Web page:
• The Cass Freight Index, a measure of monthly freight activity in North America, rose 6.6% from July to August for the highest reading since May 2018.
  • The Port of Savannah handled 575,513 TEUs in August, its busiest month on record and up 18.5% from last year.
  • Spot market rates for bulk shipping’s largest vessels shot up 45% in a single day last week on impacts from bad weather in the North China Sea.
  • The head of the Port of Long Beach, which together with its sibling Port of Los Angeles handles 40% of U.S. container imports from Asia, sees demand cooling after two consecutive months of lower container traffic. 
  • Maersk and MSC have canceled several China-to-Europe sailings this fall, signaling expectations for lower container freight demand, Alphaliner says.
  • Europe-based companies could be forced to prioritize production of key products and stockpile goods under a new proposal that would give the EU emergency powers to tackle supply chain crises, a response to bottlenecks caused by the pandemic and Russia’s invasion of Ukraine.
  • China’s state-owned Cosco Shipping plans to spend $4.9 billion to add 32 container ships in a renewed quest to become the world’s biggest container line.
  • Big ocean shippers are turning to the once shunned market of airfreight as ongoing supply snarls make the expensive but reliable mode of transport more attractive. Airfreight shipping grew 21% from 2020 to 2021 and will likely grow another 4.4% this year.
  • Major U.S. shippers that overinvested during the pandemic may have delivery capacity that is 18 million packages per day higher than demand this holiday season, consultants say.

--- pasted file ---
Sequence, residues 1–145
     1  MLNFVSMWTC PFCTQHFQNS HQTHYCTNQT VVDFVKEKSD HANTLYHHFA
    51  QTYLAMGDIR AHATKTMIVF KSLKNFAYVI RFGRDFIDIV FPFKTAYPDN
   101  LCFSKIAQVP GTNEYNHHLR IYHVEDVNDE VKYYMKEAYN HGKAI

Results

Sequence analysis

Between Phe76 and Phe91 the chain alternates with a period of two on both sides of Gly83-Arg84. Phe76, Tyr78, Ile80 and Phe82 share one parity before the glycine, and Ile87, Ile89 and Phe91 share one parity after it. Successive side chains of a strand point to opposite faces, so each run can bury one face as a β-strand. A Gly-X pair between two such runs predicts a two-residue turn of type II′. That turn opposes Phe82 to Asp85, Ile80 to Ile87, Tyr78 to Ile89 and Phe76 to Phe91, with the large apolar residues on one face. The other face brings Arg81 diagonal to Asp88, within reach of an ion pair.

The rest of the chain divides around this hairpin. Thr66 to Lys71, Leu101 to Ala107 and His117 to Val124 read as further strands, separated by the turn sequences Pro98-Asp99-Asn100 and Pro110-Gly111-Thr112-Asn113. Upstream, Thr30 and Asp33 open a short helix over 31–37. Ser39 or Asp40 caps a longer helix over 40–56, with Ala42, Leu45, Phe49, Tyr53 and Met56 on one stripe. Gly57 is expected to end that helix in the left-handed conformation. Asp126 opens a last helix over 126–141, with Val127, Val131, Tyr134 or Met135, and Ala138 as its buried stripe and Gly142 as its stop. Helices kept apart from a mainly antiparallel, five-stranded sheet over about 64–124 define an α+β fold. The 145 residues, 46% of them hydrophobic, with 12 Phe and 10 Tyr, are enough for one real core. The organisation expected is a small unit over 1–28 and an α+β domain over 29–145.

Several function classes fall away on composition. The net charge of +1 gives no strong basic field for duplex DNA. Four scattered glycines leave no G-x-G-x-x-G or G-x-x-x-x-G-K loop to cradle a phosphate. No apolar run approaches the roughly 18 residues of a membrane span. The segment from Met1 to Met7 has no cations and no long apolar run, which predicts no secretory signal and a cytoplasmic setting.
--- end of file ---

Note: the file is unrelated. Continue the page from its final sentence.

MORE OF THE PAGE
• Amazon halted building new warehouses in Spain until at least 2024 as the pandemic-driven boom in online shopping slows down.
  • In the latest auto news:
  • USA Truck shareholders approved the truckload carrier’s sale to freight forwarder DB Schenker for $435 million.
  • Investment firm BlackRock acquired a more than 5% stake in dry-bulk operator Golden Ocean.
  • About 1,200 workers went on strike at timber company Weyerhaeuser’s operations in Oregon and Washington state.
  • Spanish clothing retailer Zara is buying five logistics properties in the U.S. for a total of $722 million.

Domestic Markets

  • The U.S. reported 54,831 new COVID-19 infections and 360 virus fatalities Monday.
  • Between 15,000 and 18,000 Americans were getting their first COVID-19 vaccine doses each day in August, the latest data shows.
  • U.S. office use hit 47.5% of early 2020 levels last week, the highest rate since the pandemic forced most offices to close in March 2020.
  • The dollar rose against major currencies on Monday ahead of a slew of central bank meetings this week, including the U.S. Federal Reserve. Some investors are betting the Fed could raise rates by a larger-than-expected 100 basis points rather than the 75 basis points widely predicted.
  • The two-year Treasury yield approached 4% yesterday and the 10-year hit 3.5%, the highest levels in over a decade, reflecting investor pessimism about the economy.
  • Confidence among U.S. single-family homebuilders fell for the ninth straight month, the longest decline on record, as rising mortgage rates and high material prices weigh on sales to first-time buyers.
  • Meanwhile, mortgage refinancings have fallen 75% from their peak in the first quarter of 2021: